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Universal Coverage Bill Brieger | 30 Dec 2010 10:23 pm

Universal Coverage – if not now, when?

In the waning hours of 2010 several public health goals and targets come to mind –

  • Access to clean water and sanitation by 1990
  • Guinea worm eradication by 1995
  • Health for all by 2000
  • Polio eradication by 2005
  • Universal Coverage of malaria interventions by 2010
  • Millennium Development goals by 2015

As of October 2010 Nigeria had distributed long lasting insecticide-treated nets (LLINs) 14 of the 36 states and the Federal Capital Territory and about 40% of the targeted 60 million plus nets. A key challenge was, “The lack of operational funds to support campaigns in 22 states significantly resulting in undue delays in the delivery of LLINs.” More progress was made during the remaining months of the year.

road-map-progress-2.jpgWhere are we on 31st December 2010? The Roll Back Malaria Partnership’s most recent report on progress toward targets (the country road maps) is seen in the chart to the right. Intervention coverage progress is based on the number of countries that are actually implementing nets, medicines and spraying.

As can be seen the best progress comes with treatment and preventive medicines (ACTs and IPTp respectively).  Only 64% of countries have distributed at nets to at least 80% of the targets. The biggest gap in in the area of rapid diagnostic testing.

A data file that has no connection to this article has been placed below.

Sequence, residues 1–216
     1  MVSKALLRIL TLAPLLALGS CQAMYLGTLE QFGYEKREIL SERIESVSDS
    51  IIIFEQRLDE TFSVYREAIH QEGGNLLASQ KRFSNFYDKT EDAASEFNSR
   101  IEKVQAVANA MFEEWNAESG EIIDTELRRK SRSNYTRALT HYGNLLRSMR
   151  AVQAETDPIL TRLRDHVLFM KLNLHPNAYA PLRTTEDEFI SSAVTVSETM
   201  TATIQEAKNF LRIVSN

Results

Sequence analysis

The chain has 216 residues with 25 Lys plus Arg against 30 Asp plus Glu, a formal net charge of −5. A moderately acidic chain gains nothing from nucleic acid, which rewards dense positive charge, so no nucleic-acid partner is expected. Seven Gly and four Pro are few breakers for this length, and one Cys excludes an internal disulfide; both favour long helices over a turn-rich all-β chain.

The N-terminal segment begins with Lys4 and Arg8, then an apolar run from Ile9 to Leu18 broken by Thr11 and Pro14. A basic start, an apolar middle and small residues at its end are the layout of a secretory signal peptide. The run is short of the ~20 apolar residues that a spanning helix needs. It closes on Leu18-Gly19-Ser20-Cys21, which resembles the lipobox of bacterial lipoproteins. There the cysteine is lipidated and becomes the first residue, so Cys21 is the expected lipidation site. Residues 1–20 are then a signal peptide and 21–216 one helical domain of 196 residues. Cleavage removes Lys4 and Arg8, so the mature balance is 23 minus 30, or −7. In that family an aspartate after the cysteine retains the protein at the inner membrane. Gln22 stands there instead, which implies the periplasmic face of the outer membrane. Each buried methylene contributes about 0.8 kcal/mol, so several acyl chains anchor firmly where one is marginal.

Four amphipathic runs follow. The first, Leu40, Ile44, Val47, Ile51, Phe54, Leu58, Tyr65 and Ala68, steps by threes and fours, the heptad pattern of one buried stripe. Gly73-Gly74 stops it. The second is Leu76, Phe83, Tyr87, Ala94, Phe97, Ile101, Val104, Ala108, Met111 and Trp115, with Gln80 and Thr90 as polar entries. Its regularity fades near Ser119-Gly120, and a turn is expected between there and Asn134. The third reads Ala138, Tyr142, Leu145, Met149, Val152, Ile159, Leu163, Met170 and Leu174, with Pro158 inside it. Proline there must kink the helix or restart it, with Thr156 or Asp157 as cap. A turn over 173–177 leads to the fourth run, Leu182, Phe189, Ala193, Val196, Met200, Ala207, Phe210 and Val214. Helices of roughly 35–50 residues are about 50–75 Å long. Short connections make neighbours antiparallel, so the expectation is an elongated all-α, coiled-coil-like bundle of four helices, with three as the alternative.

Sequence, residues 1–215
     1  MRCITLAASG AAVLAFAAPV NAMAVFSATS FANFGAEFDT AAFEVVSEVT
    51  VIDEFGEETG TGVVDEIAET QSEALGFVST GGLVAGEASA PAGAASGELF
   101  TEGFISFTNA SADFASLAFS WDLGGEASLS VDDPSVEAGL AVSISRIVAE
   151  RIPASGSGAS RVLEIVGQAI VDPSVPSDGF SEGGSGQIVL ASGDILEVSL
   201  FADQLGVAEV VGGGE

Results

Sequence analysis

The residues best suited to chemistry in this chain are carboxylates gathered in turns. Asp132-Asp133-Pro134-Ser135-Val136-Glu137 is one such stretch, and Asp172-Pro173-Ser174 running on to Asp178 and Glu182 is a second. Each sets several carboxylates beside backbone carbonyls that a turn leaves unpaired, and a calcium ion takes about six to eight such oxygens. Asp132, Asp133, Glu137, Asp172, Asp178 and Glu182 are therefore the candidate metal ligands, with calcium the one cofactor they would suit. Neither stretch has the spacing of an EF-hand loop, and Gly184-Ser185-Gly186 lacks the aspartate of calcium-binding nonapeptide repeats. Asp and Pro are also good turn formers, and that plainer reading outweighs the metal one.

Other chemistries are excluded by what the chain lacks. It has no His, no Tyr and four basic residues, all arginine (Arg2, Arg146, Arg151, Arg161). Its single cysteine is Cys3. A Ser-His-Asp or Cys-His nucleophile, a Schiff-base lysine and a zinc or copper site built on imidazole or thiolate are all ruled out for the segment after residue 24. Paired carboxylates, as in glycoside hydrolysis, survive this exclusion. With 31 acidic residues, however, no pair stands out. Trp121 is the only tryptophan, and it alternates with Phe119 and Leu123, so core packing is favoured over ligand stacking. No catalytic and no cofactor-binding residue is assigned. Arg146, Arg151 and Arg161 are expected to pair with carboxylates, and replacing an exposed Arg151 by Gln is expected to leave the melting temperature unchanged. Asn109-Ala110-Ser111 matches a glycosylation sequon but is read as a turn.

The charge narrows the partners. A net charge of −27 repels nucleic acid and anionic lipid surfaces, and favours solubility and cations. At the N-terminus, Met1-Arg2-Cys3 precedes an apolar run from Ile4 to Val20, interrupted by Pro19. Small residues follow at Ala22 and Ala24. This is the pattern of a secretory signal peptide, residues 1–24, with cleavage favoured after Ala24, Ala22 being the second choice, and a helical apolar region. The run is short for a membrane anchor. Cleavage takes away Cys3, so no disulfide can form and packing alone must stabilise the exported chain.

Distribution of an intervention does not mean actual coverage has been achieved. A recently reported study from Nigeria shows the challenges once nets reach the household.

Oyeyemi and colleagues found that 95.2% of households has received a net after a campaign. Unfortunately progress went downhill from there: “87.3% of the LLINs received were present in the households during the survey and 52.1% of households hung their LLINs … (and) utilization rate of a LLIN among the sampled population was 59% the previous night before the survey.”

Recent Demographic and Health and Malaria Indicator Surveys from places like Liberia, Senegal and Nigeria show that possession of a net by a household is not a guarantee that it will be used.

From the chart above we can see that efforts to attain universal coverage – or more accurately universal distribution – will have to proceed into 2011.  Distribution goals require health systems strengthening. The coverage goals will require more intensive community outreach and education to ensure these interventions are actually used.

We are achieving outputs – commodities distributed; we are struggling with outcomes – commodities used. What will we see in terms of impact by 2015 – the latest on the list of public health targets where we started this posting?

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